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Ian & Sylvia

One of the most popular acts of the early-'60s folk revival, Canadian duo Ian Tyson (b. 1933) and Sylvia Tyson (b. 1940) made several fine albums that spotlighted their stirring harmonies on a mixture of traditional and contemporary material. While these recordings can seem a tad earnest and dated today, they were overlooked influences upon early folk-rockers such as the Jefferson Airplane, the We Five, the Mamas and the Papas, and Fairport Convention, all of whom utilized similar blends of male/female lead/harmony vocals. They were also inspirations to fellow Canadian singer/songwriters such as Neil Young, Joni Mitchell, and Gordon Lightfoot. Like most acoustic folkies, after the mid-'60s they moved into folk-rock and country-rock, though the results were less impressive than their early work. Tyson took up folk music in his 20s while convalescing from a rodeo injury, and teamed up with Sylvia Fricker after moving to Toronto in the late '50s. In 1960, they moved to New York, where they were signed by Albert Grossman, famous for managing Bob Dylan and Peter, Paul, and Mary. Their self-titled debut (1962) began a successful series of recordings for Vanguard, on which they helped expand the range of folk by adding bass (sometimes played by Spike Lee's father Bill) and mandolin to Ian's guitar and Sylvia's autoharp. Just as crucially, they ranged far afield for their repertoire, which encompassed not just traditional folk ballads, but bluegrass, country, spirituals, blues, hillbilly, gospel, and French-Canadian songs. Ian & Sylvia were among the first to cover songs by Dylan, Lightfoot, Joni Mitchell, and Phil Ochs, and also began writing material of their own. Although original compositions were never at the forefront of their early LPs, a couple of them would become very influential indeed. Ian's "Four Strong Winds" would be covered by the Searchers and (in the '70s) Neil Young, and Sylvia's "You Were on My Mind," given a far poppier treatment by the We Five, became one of the first big folk-rock hits. By 1966, Ian & Sylvia had started to rely primarily on original material, and begun to use electric instruments. While some of these tracks were outstanding, generally their folk-rock lacked the focus and consistency of their acoustic recordings. In the late '60s, they would take stabs at country-rock and straight country music, even hooking up with young producer Todd Rundgren for the 1970 album Great Speckled Bird. The quality of their records, and the size of their audience, declined steadily after they ended their association with Vanguard in 1967. In the '70s, they split up, professionally and personally (they had married in 1964). Both have since pursued solo careers: Ian's was far more successful, as he moved into country music, recording albums of songs with cowboy and rodeo themes that received much popular and critical acclaim in Canada.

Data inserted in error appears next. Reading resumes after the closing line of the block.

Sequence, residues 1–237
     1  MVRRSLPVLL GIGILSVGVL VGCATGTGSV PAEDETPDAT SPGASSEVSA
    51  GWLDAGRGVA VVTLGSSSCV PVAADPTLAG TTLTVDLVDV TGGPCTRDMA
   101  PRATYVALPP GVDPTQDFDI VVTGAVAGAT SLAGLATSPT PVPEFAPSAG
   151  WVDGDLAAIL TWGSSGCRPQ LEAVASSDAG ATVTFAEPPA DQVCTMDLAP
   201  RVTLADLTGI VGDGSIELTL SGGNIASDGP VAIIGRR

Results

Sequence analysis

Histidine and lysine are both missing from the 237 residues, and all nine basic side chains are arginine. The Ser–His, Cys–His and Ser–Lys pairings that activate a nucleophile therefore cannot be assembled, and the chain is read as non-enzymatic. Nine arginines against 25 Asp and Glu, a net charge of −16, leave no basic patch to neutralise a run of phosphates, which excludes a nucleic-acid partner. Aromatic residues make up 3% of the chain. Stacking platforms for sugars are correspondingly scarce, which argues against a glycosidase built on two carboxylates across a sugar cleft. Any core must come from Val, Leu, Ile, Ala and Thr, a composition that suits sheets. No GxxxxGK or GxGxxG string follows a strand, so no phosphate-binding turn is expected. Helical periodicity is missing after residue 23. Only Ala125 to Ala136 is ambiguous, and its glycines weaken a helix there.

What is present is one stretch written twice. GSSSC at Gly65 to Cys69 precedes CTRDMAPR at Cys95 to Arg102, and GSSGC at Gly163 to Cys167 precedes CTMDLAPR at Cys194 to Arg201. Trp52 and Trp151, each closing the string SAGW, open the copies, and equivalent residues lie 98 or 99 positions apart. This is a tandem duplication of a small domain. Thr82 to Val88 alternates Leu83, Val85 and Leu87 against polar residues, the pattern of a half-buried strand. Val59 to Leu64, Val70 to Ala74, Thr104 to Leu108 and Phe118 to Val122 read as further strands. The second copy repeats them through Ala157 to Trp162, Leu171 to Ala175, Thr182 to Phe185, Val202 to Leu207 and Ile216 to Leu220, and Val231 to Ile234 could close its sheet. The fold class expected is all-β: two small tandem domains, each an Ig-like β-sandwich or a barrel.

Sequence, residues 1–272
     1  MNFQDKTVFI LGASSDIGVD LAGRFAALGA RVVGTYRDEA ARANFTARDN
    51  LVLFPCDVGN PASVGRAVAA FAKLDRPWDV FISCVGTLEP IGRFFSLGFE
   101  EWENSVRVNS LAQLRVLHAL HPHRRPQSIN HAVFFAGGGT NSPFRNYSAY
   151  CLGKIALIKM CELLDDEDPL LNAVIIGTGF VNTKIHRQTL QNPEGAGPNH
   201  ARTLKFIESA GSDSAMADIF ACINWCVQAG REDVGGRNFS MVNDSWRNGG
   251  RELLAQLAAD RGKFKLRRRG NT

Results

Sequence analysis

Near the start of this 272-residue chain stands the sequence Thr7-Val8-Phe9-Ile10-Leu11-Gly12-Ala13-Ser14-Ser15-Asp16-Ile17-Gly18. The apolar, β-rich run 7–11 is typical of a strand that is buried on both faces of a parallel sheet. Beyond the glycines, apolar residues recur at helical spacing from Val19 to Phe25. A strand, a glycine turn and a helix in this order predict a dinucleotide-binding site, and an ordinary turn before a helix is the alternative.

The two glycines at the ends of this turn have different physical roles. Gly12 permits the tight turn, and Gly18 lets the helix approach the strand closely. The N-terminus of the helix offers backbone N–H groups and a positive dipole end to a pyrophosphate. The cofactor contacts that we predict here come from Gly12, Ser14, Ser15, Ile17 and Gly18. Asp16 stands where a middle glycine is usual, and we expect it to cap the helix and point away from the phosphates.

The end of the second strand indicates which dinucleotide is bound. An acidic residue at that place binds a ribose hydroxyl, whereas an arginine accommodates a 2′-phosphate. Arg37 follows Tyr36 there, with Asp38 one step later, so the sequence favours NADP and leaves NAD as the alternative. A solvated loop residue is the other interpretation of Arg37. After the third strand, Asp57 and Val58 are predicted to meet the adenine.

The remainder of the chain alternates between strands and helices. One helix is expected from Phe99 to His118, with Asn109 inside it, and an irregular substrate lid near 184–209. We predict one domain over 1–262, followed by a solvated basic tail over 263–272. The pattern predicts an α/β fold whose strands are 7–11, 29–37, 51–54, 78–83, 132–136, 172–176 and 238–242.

© Richie Unterberger /TiVo
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